Employment of mid-level providers in primary care and control of diabetes.

Journal Article (Journal Article)

AIMS: Examine potential associations between inclusion of mid-level providers in United States Veterans Affairs (VA) primary care programs and diabetes control. METHODS: We established a cohort of diabetes patients (alive October 1, 1999) using the VA Diabetes Registry and VA corporate databases. 1999 VA Survey of Primary Care Practices data were combined with individual-patient information. We used a two-level hierarchical model to determine the relationship between staffing characteristics and hemoglobin A1c (HbA1c), among 88,682 patients from 198 clinics. RESULTS: Inclusion of nurse practitioners (NPs) at relatively limited levels (% of all providers who are NPs) in the primary care program was significantly associated with HbA1c lower by 0.31 percentage points (95% CI, -0.50% to -0.12%) compared to programs that did not include NPs. Having some level of NP staffing vs. no NP staffing was associated HbA1c lower by 0.25%. Inclusion of physician assistants (PAs) in primary care programs was generally not associated with a statistically significant difference in HbA1c. The exception is that moderate levels of PA staffing were associated with slightly higher HbA1c [0.18%, 95% CI, 0.02-0.34)]. CONCLUSIONS: Diabetes control among primary care patients appeared to benefit from inclusion of NPs, while an analogous association was not found for PAs.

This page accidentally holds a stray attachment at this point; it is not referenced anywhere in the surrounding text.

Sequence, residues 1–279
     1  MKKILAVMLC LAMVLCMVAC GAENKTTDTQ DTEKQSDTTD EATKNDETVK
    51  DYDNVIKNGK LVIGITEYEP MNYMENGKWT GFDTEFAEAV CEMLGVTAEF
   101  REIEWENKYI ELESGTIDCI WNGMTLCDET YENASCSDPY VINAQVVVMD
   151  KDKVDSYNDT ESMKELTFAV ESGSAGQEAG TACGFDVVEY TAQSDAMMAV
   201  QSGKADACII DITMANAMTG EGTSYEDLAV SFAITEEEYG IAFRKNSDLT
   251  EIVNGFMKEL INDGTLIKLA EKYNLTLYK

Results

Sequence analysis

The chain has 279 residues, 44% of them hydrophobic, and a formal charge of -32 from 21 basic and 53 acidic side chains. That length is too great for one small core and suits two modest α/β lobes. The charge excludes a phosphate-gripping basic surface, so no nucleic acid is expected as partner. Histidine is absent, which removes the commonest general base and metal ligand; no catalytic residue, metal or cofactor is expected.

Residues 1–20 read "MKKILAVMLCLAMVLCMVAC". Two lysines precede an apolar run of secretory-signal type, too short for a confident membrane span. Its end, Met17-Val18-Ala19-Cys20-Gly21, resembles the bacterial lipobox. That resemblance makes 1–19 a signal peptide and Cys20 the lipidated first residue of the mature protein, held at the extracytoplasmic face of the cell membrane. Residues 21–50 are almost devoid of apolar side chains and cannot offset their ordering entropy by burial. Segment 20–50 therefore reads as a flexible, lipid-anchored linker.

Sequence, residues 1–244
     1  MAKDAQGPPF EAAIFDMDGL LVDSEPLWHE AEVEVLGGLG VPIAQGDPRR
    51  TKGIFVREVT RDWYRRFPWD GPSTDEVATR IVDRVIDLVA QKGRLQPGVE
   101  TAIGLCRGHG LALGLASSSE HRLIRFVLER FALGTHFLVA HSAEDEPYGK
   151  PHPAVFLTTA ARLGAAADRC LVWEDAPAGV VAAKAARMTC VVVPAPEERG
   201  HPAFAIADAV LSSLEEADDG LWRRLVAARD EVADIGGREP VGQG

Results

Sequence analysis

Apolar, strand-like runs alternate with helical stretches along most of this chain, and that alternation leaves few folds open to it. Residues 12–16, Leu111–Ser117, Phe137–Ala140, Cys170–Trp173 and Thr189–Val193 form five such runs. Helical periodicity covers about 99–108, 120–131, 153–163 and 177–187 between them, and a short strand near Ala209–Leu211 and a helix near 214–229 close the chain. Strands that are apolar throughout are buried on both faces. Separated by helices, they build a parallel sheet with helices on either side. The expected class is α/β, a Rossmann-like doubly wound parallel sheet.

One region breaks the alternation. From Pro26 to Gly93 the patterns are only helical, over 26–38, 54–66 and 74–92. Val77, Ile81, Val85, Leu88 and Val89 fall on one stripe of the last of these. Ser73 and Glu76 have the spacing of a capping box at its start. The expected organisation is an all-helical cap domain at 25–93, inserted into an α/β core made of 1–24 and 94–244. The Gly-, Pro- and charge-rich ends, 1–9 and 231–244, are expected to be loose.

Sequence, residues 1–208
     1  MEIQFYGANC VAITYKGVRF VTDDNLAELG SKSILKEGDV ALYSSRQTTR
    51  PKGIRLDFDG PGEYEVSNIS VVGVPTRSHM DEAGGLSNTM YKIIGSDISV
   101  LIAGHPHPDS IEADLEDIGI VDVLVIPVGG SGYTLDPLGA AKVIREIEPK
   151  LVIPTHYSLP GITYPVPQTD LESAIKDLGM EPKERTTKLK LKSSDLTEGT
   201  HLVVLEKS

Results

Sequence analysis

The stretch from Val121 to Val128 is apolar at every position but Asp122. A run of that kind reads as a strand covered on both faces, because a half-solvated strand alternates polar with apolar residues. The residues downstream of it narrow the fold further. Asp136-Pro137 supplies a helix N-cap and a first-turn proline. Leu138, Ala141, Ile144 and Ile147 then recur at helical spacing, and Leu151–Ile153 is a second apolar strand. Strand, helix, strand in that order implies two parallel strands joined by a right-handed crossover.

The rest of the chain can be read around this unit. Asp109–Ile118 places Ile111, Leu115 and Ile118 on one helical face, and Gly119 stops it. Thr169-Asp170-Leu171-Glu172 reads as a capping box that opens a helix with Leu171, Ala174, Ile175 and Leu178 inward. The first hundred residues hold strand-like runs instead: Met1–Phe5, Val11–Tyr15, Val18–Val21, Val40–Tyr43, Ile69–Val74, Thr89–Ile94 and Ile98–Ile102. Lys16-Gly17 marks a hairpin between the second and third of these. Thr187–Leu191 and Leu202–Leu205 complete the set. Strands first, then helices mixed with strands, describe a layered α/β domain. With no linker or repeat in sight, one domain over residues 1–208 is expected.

Full Text

Duke Authors

Cited Authors

  • Jackson, GL; Lee, S-YD; Edelman, D; Weinberger, M; Yano, EM

Published Date

  • April 2011

Published In

Volume / Issue

  • 5 / 1

Start / End Page

  • 25 - 31

PubMed ID

  • 20980212

Electronic International Standard Serial Number (EISSN)

  • 1878-0210

Digital Object Identifier (DOI)

  • 10.1016/j.pcd.2010.09.005


  • eng

Conference Location

  • England